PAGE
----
Seated in the center of the picture is an older man with a full white beard, wearing a small, black, brimless hat and dark three-piece suit. An almost symmetrical pose from head to feet, each hand rests upon a knee—only the fingers vary slightly in position. Behind him on his left is a younger man similarly attired with his jacket buttoned and a traditional tie; no hat is visible. Grouped around the two men are four well-dressed women with their hair neatly styled. Two are standing and two are seated, and one seems to be about the same age as the man in the center. Although the styles of their clothes vary in detail, all of the women have on long-sleeved, floor-length dresses with tight waists. Lockets are visible on three of the women. Heavy drapes fill the background. Slight smiles are barely discernible on most of the people in this formal photograph. Who are they, where are they, and why was it taken? Dated 1904, the caption tells us that this is a portrait of a Jewish family and that the photographer was Louis Block.
The settlement of Jewish families in the St. Louis area is a complex narrative, spanning two centuries and crisscrossing continents and oceans. Although it is recorded that Myer Michaels, a Jewish fur trader, came to the St. Louis area as early as 1785, it was not until the Louisiana Purchase that the ban against non-Catholics was lifted in the small village. The Phillipsons from Philadelphia were the first Jewish family to settle in the St. Louis area, opening a dry goods business. In 1800, the population was about 1,500 and most were French Creoles. By 1809 there was a land sale agreement between a Phillipson and Meriwether Lewis. Members of the Phillipson family quickly became engaged in a variety of enterprises—one petitioned to build a courthouse.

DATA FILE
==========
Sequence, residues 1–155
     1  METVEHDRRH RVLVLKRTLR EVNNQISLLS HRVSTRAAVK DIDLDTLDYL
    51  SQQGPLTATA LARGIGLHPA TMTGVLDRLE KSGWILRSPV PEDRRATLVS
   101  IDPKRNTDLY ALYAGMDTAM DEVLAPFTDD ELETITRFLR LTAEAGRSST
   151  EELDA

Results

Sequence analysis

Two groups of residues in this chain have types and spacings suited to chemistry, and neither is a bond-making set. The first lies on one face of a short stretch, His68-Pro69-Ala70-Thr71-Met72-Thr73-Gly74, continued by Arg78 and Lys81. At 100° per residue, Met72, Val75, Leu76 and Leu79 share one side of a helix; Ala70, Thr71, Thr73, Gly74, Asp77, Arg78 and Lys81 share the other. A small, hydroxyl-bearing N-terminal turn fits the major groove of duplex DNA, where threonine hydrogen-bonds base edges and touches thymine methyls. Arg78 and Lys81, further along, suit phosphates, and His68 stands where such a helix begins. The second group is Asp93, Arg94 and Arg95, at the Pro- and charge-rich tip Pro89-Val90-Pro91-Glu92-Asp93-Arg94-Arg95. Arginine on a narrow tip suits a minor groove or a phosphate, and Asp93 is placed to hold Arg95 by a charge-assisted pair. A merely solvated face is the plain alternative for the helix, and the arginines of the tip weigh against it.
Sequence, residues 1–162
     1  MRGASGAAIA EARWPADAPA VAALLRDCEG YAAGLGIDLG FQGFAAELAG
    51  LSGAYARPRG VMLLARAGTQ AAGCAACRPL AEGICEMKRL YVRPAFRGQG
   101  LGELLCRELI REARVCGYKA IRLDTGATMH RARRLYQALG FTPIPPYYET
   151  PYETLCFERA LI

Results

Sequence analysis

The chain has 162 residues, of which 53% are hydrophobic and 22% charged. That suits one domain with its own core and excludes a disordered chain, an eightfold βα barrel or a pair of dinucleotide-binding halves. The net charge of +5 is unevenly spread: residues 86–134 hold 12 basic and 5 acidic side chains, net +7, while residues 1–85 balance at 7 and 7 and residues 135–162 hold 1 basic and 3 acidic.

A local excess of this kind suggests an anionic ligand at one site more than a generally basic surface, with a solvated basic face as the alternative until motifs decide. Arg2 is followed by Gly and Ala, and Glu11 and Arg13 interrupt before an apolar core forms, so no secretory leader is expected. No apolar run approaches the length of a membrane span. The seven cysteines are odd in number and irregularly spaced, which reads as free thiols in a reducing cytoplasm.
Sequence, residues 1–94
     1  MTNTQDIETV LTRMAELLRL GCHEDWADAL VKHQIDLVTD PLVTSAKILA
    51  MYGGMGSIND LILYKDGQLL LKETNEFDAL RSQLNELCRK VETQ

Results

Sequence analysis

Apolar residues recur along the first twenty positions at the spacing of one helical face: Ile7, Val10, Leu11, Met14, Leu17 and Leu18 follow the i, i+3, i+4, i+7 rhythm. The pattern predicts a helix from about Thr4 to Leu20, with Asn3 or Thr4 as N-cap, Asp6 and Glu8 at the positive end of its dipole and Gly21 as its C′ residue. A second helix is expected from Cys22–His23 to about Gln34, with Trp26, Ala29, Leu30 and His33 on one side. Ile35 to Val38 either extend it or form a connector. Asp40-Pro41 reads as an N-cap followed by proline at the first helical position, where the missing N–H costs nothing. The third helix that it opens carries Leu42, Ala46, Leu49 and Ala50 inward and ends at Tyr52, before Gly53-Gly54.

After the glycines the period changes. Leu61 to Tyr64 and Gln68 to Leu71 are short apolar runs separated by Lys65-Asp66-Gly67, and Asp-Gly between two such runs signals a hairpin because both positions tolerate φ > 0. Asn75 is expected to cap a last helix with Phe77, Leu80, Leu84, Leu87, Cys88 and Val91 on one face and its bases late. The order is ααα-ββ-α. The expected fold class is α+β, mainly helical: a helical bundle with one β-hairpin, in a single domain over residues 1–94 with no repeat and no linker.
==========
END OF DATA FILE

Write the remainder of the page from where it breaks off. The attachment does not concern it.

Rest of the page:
Poor farmland in New England and the opening of the western territories encouraged some Jewish families to move west, but it was not until the mid-1830s that the community was large enough to establish a synagogue. Most of the early wave of Jewish families were from Germany. But by 1907, St. Louis was the fourth-largest city in America with a population of 600,000, including 40,000 Jews. Spurred by tyrannical anti-Semitic governments in Eastern Europe, the last two decades of the 19th and the first two of the 20th century brought more than 2 million Jews to America; 50,000 settled in St. Louis, and many came from Russia.
As with many other ethnic immigrant groups, integration and assimilation were complex—differences in language, customs, and dress made the new arrivals “outsiders.” Jews suffered persecution in this country and were not allowed to vote in some states until the late 19th century. President Ulysses S. Grant wanted to expel Jews from some southern states. Resorts and neighborhoods often had signs or by laws saying “restricted,” meaning no Jews or blacks. Colleges and universities had quotas limiting the number of Jewish students. Each new wave also brought changes within the existing Jewish community. Later in the 20th century, efforts to help resettle those escaping World War II and the Nazi death camps brought into focus bias and discrimination in the United States when governmental immigration policy turned away a boatload of more than 900 European refugees on the ship the St. Louis. Even though the passengers had valid visas to Cuba, the boat was turned away and forced to return to Europe—most of the people were then killed in Hitler’s death camps. Although nowadays in America there is less bias and prejudice with fewer instances of quotas against those who are Jewish, discrimination still filters into many aspects of everyday life.